In other approaches, the surface is uniformly contacted with the molecules. The redox-active polymers can then be selectively etched off the surface in areas that are to be molecule free. Etching methods are well know to those of skill in the art and include, but are not limited to plasma etching, laser etching, acid etching, and the like.

Other approaches involve contact printing of the reagents, e.g., using a contact print head shaped to selectively deposit the reagent(s) in regions that are to be coupled, use of an inkjet apparatus (see e.g., U.S. Pat. No. 6,221,653) to selectively deposit reagents in particular areas, use of dams to selectively confine reagents to particular regions, and the like.

In certain preferred embodiments, the attachment/polymerization reaction is repeated several times. After the reaction(s) are complete, uncoupled organic molecules are washed off of the surface, e.g., using standard wash steps (e.g., benzonitrile wash followed by sonication in dry methylene chloride).

The foregoing methods are intended to be illustrative. In view of the teachings provided herein, other approaches will be evident to those of skill in the semiconductor fabrication arts.

VI. Industrial Scale-Up.

The methods of this invention are readily scaled up for use in commercial manufacturing operations. One such scaled-up approach is illustrated in FIG. 5. This figure illustrates a two-zone furnace 1 for gas phase molecular attachment. In this device, the molecule powder 2 is kept in one zone and the wafers 3 are kept in a different zone. Each zone can be individually heated (e.g. by a heater(s) 4, 5 that can be independently regulated by a single heater control or by separate heater controls (6 and 7 in the illustration). Each zone can be independently heated to the required temperature. One can control the molecule vapor pressure by changing the temperature. This system also allows the use of a carrier gas (e.g. Ar, N2, etc.), fed through a gas inlet 8, through the oven to a gas outlet 9, which can be used to transport the molecule vapors to the wafers in other zone. This furnace can also be operated at low pressures (sub-atmospheric) by evacuating the system with a pump at the outlet of carrier gas. The low pressure process allows the molecule vapor pressure to be controlled very precisely. Also, it reduces the amount of impurities compared to the atmospheric process.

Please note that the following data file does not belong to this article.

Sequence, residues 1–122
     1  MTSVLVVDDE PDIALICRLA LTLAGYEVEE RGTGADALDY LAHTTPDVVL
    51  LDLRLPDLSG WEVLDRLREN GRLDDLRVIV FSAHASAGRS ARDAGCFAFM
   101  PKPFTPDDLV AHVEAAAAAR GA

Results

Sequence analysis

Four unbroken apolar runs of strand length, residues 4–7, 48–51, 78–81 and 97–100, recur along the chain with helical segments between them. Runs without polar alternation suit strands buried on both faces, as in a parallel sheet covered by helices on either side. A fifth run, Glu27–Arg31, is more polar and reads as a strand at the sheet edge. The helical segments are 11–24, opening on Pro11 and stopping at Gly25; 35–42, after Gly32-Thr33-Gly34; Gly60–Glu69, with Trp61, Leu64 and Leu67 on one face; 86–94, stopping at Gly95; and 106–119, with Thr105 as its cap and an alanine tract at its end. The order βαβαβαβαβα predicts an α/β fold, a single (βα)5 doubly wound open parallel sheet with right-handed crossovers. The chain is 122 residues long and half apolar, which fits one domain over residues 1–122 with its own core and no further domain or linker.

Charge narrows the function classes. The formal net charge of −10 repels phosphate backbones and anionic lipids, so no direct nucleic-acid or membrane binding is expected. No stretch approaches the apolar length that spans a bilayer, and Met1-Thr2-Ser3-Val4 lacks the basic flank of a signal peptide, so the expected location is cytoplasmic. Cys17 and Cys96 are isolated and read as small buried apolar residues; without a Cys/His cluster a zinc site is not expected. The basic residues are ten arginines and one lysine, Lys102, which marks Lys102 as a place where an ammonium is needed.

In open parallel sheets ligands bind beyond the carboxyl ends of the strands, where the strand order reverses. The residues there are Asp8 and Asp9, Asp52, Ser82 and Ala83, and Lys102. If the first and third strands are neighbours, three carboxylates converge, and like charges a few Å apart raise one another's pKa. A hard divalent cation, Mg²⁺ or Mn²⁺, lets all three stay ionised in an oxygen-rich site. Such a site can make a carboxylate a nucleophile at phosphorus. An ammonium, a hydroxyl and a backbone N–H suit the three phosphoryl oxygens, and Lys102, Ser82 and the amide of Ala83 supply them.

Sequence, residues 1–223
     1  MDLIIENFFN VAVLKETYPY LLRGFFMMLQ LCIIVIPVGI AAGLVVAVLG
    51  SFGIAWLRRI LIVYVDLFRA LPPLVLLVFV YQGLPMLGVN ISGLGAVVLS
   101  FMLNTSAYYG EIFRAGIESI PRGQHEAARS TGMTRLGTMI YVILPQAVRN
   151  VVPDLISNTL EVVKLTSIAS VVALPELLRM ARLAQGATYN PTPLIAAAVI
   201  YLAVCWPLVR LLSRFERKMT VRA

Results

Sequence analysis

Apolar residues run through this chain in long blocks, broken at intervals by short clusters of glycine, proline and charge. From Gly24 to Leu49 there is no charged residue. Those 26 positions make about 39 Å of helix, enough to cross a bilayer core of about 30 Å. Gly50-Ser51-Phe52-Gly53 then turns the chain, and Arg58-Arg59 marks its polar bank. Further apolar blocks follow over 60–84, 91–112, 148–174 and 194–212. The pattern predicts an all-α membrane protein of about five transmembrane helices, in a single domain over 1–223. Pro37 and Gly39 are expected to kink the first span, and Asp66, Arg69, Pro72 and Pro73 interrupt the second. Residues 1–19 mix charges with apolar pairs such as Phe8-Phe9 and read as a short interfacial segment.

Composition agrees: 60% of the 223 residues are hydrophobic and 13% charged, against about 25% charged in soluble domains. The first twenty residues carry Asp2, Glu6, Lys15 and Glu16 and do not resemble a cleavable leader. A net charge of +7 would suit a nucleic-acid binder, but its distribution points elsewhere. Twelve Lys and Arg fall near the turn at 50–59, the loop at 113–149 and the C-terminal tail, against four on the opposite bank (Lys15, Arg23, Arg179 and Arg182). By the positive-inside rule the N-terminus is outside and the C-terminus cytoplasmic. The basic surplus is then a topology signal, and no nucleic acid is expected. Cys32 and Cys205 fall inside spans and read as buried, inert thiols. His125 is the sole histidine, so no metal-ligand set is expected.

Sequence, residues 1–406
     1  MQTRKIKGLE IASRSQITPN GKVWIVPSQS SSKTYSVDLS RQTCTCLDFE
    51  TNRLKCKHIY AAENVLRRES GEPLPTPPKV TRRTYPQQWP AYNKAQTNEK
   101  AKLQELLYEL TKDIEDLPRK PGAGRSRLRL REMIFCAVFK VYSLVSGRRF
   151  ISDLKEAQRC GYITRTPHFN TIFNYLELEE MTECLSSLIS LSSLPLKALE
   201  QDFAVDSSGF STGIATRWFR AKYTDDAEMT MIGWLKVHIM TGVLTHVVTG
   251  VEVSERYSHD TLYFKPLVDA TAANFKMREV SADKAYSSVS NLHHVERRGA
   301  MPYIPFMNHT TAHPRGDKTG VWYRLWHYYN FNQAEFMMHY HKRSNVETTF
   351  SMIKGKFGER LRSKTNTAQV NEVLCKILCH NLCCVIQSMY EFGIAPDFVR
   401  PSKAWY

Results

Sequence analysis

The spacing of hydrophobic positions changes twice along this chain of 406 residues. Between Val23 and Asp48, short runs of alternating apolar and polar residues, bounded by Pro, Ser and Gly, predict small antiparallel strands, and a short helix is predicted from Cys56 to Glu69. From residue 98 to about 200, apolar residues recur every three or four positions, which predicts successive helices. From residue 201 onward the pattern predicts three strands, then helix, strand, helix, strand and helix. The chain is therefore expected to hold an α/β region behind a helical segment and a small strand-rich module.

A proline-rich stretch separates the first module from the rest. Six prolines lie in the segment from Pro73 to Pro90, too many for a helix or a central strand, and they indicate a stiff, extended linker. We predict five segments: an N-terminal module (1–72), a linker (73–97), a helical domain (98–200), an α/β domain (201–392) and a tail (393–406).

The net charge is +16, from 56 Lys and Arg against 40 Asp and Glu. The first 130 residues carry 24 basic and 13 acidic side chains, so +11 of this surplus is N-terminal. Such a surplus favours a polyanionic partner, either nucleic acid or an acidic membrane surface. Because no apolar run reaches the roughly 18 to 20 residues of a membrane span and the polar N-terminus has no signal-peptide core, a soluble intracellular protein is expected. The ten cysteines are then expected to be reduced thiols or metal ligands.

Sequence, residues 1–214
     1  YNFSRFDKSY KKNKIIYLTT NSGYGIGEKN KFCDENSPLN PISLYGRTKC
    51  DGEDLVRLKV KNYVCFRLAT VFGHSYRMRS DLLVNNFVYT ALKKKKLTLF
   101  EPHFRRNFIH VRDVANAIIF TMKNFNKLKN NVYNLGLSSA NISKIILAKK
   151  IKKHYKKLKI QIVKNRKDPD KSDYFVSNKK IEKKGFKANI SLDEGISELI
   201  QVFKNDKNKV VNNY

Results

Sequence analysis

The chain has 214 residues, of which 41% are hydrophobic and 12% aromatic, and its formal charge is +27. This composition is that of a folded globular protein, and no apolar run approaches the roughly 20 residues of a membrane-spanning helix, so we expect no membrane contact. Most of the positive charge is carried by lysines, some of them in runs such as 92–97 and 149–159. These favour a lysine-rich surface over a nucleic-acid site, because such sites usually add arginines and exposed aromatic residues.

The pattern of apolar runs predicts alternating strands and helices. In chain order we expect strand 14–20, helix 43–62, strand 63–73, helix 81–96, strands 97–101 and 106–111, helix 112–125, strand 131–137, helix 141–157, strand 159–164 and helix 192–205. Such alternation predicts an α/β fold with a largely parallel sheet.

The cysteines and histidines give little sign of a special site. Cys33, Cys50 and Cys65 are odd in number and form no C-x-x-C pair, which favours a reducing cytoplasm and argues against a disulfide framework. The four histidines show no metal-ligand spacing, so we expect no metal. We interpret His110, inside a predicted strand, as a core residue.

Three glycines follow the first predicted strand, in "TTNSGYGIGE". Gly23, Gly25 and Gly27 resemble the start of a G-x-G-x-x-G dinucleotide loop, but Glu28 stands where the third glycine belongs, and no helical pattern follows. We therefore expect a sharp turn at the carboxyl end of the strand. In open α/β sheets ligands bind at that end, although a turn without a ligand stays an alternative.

Another equipment configuration, illustrated FIG. 6, is suitable for high vacuum operation of the gas phase molecular attachment method. In this approach, the substrate 3 is placed in a vacuum furnace chamber 20. The molecule(s) that are to be attached are kept in an effusion cell (e.g. a knudson-cell (K-cell), for example the Low Temperature Effusion Cell by Specs) 22 which is controlled by an effusion cell controller 24. By opening and closing the shutter 26 on the K-cell, one can control the amount of molecules that can reach the substrate surface and form an attached monolayer 28.

These methods are meant to be illustrative and not limiting. Using the teachings provided herein, one of skill in the art can devise numerous approaches for heating and contacting the molecules described herein with a surface. Devices and methods for heating and/or volatilizing the heat-resistant molecules or mixtures of such molecules and patterning or uniformly depositing them on a surface at elevated temperature are commercially available and well known to those of skill in the art. Such methods include, but are not limited to molecular beam epitaxy (MBE) (equipment available for example, from SPECS Scientific Instruments, Inc., Florida), chemical vapor deposition (CVD) (equipment available, for example, from CVD Equipment Corp.), Liquid Phase Epitaxial deposition (LPE) (equipment available, for example, from CVD Equipment Corp., Ronkonkoma, N.Y.), and the like.

VII. Uses of Redox-Active Polymers Coupled to a Substrate.

The methods of this invention can be used to form redox-active polymers covalently attached to a Group II, III, IV, V, or VI material surface, preferably to a Group III, IV, or V surface and/or to a transition metal (or metal oxide or nitride) surface.

The attached redox-active polymers can be used to fabricate a wide variety of hybrid components and/or devices (e.g. field effect transistors, sensors, memory elements, etc.). In certain embodiments, the methods are used to assemble hybrid memory devices where information is stored in a redox-active information storage molecule.